Articles Posted in Wrongful Death

Published on:

medical-equipment-1342025-m-2.jpgIn the recent Maine Supreme Court case of Estate of Nickerson v. Carter, a man’s wife appealed from a judgment in favor of a doctor and a primary care facility after a jury found that the doctor was negligent, but that his negligence was not the legal cause of the man’s death. The estate argued that the trial court had erred in five ways. Among the errors it claimed was that the trial court had improperly admitted findings from the medical malpractice screening panel.

The doctor began seeing the man as a patient in the winter of 1993. In an initial visit, the doctor drew blood from the man and found that the man’s cholesterol level was moderately elevated, which is a risk factor for developing cardiovascular disease. The doctor decided he would follow up with another exam in the next two years. Although he saw the man a few times over the next three years, however, he did not order retesting of the man’s cholesterol levels.

In 1997, the man requested an exam and asked the doctor to help him with filling out forms required for participation in an outdoor expedition. The doctor signed the forms but again did not order testing of his cholesterol. The man returned for an exam in 2001, and the doctor finally ordered the test of his cholesterol level. The test revealed that the man’s cholesterol levels had risen. The doctor advised him of corrections he could make to his diet. The doctor made a note to himself to recheck the man’s cholesterol levels in 6-12 months, but did not check the man’s cholesterol within that time frame.
Continue reading →

Published on:

gloveimagemorguefilemelodi2.jpgAfter an accident, the responsible party may put into practice remedial measures to prevent the type of injury that occurred from happening again. If you are the victim of an accident that could have been prevented, you may believe that the remedial measures prove the responsible party was negligent. However, only under limited circumstances are those measures admissible in evidence.

In a recent Maine Supreme Court case, a deceased woman’s estate appealed a judgment in favor of the nursing home where she had fallen and died. The woman was 85 when she died. The nursing home had created an individualized care plan for the woman, as it did for all its residents. The plan accounted for her propensity to fall, and it was regularly updated to show her current condition and inform the staff of the level of assistance she required.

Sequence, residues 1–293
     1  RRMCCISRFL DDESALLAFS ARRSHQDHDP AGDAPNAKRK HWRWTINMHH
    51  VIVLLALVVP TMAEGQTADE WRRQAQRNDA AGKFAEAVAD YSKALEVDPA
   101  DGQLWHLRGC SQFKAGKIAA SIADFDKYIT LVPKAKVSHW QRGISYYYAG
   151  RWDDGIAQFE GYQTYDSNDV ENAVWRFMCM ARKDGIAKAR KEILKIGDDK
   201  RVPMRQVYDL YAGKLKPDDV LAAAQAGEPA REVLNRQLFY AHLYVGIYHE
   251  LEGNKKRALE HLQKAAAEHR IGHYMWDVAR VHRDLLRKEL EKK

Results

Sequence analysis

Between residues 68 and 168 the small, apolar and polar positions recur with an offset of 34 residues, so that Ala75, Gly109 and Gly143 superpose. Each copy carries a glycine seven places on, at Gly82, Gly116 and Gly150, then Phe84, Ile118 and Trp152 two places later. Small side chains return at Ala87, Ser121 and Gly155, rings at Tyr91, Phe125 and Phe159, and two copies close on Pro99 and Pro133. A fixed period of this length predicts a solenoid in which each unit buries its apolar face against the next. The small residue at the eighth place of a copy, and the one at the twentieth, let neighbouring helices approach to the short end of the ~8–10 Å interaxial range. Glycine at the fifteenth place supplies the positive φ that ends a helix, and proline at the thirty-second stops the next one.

The woman routinely got up several times a night to use the bathroom, often without asking for help. The nursing home could not restrain her from doing this without a physician’s order. However, its staff was alerted by an automated bed alarm every time any resident got out of bed at night.
Continue reading →

Published on:

hospital-corridor-2-65904-m.jpgIf you are hurt by a professional’s negligence, you may be wondering what evidentiary rules apply to the professional’s apologies or expressions of sympathy. Can they be used to prove that the professional was negligent? In the recent Maine appellate case Strout v. Central Maine Medical Center, the Maine Supreme Court considered the effect of an apology in a medical malpractice case. The medical center appealed a verdict in favor of the plaintiff. The case arose when the plaintiff sought treatment in the ER for pain in his abdomen. A lesion was found on his liver. A surgeon evaluated his CAT scan and decided he was most likely suffering from cancer.

Days later, the plaintiff went to the office for a follow-up. The doctor telephoned the pathologist in charge of testing the tissue. The pathologist said he would send it for more testing, but that he believed the cancer to be of hepatic or pancreatic origin. He also told the doctor he needed more tissue to finish the assessment.